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Irrigation initiative seeds hope in Rajasthan farmers

Adani Foundation drive helps improve crop yield

Nestled amidst the arid terrain of Rajasthan, Lakheri is surrounded by farmland and villages. The town in Bundi district is situated about 180 km from state capital Jaipur, and crops like wheat, soybean and mustard are commonly grown here. Its residents rely on traditional methods of farming but in the recent years, the lack of timely rainfall has become a matter of concern.

The region gets about 638 mm of rainfall annually but lacks an efficient rainwater harvesting, water management and conservation system. As a result of this, the villages here face drinking water shortage during the summer. Over the years, several people have moved out to work as labourers at nearby brick kilns or to other parts of the country in search of a livelihood.

In Lakheri, the need for irrigation is not just a matter of convenience; it is needed for sustenance. Driven by the need for an efficient irrigation network to help farmers, the Adani Foundation worked closely with the local communities to build a facility in the Kankra Dungar and Utrana villages.

A tributary of the Chambal passes about 4 km from these villages, and a system has been set up to supply water from it to nearby farmland through underground PVC pipes. The project benefits nearly 500 farmer families in the villages, who have cultivable land in the ACC Lakheri Cement Project catchment area. In coordination with the local communities, village-level committees have been set up to take care of the operation, management, and maintenance of the irrigation system.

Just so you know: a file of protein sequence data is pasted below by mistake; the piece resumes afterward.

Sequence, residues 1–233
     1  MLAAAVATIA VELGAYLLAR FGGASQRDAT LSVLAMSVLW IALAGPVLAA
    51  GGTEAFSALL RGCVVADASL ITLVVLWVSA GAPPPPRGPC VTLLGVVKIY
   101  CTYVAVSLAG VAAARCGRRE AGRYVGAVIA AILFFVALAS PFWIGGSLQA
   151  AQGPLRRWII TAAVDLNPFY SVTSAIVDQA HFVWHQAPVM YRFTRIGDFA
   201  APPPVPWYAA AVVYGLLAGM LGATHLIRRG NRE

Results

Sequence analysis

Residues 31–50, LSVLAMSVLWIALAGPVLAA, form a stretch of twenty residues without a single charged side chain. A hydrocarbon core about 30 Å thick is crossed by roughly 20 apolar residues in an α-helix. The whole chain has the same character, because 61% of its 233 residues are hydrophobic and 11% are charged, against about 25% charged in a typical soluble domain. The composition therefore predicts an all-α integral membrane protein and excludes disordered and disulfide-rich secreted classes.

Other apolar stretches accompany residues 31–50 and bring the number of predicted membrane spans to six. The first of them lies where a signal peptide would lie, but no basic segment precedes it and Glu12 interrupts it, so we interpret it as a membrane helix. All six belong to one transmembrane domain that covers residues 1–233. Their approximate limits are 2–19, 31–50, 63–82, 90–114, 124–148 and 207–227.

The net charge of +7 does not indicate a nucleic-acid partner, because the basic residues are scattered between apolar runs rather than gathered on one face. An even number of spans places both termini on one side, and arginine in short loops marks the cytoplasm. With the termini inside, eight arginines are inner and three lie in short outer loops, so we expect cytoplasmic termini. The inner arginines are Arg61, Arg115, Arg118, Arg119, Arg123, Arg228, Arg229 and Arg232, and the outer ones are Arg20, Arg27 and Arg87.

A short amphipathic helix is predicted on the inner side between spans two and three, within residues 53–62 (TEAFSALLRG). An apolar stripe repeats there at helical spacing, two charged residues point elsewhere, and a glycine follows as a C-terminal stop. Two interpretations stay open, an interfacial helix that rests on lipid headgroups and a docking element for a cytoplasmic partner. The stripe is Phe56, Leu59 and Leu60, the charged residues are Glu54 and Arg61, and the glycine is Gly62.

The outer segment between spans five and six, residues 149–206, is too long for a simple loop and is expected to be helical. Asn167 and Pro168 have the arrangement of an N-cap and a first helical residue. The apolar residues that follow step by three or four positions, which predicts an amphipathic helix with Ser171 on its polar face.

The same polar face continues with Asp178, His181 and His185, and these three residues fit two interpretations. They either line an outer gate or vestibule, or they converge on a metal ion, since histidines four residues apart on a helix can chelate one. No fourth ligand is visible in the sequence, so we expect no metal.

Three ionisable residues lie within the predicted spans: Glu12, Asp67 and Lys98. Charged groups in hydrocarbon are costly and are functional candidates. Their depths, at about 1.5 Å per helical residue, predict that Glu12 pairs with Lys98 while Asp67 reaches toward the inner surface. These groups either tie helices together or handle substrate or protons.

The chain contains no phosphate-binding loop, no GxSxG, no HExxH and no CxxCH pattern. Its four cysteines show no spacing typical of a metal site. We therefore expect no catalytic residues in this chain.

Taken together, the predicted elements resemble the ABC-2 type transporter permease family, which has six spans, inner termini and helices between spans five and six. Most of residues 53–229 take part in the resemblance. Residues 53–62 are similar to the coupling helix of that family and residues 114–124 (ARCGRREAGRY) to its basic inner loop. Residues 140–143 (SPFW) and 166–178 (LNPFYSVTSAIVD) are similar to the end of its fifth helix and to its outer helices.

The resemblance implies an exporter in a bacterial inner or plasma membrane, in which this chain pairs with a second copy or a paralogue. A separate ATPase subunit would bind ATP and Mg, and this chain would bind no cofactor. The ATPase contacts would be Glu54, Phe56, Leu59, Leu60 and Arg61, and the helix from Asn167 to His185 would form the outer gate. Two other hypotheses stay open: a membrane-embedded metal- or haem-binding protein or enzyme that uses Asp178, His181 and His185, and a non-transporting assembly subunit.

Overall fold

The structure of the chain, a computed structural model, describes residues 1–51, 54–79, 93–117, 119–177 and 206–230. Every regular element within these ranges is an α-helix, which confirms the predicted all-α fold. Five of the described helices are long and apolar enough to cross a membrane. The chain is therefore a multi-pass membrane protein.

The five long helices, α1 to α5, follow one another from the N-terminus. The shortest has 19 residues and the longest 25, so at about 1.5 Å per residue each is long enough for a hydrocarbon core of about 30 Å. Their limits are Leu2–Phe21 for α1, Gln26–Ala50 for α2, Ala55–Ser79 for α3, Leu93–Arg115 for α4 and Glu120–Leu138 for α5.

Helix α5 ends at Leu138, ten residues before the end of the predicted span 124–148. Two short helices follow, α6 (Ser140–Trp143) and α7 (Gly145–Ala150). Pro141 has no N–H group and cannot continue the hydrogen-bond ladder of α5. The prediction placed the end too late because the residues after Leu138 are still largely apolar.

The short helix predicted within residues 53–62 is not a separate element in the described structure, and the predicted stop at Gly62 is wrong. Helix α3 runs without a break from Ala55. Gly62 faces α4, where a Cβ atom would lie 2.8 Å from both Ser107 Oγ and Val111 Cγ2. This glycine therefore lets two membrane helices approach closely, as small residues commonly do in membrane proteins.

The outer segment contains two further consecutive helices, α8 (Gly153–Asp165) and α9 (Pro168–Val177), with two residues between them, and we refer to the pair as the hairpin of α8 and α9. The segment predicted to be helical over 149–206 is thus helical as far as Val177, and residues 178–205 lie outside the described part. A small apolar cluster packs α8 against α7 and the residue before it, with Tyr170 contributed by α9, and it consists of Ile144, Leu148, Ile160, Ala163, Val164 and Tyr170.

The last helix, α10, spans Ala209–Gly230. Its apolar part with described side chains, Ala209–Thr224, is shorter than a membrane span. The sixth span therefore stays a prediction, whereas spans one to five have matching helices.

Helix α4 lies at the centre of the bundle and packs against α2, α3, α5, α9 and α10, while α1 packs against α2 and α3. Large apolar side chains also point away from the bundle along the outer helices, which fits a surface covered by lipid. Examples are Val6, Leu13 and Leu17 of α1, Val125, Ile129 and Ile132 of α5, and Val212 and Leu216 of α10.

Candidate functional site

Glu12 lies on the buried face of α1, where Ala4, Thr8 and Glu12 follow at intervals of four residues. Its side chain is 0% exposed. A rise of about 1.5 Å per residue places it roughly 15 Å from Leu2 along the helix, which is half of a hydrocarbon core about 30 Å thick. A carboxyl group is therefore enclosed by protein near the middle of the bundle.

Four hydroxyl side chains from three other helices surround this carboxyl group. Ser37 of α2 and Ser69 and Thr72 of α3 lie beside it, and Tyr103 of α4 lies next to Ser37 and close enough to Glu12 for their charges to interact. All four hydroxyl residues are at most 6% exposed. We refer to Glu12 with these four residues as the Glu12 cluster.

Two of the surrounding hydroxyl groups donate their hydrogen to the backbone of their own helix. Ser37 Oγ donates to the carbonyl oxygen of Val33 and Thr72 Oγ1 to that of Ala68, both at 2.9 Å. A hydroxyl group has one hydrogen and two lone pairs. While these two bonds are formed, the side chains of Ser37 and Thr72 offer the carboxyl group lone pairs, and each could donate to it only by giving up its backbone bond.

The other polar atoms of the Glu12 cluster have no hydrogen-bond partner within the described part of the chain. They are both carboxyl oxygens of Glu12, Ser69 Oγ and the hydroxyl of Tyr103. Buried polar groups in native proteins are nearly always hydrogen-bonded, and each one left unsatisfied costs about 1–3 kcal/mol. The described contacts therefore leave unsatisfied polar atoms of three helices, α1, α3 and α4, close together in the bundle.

Earlier, more than 90% farmers grew a single crop every year – urad and soybean in the Kharif season. Barely 10% farmers cultivated in the Rabi season, growing crops like mustard, wheat, and gram.

After the new irrigation system was built, the situation has changed for the better. Now, many farmers have adopted a multi-crop model to increase their income and diversified crops across all seasons. And the results started showing soon enough. In the first year of its operation, additional crop cultivation was recorded and the average yield per hectare increased by 20%-30% due to the availability of water.

According to a local villager, in the very first year, he was able to produce 16 quintals of wheat and 14 quintals of mustard, whose market value was more than Rs 1 lakh.
The irrigation system has not only ensured a livelihood for farmers in the region but is also helping reduce the migration of locals in search of jobs. Truly, a win-win situation for all.

News – Nandini Jadhav.

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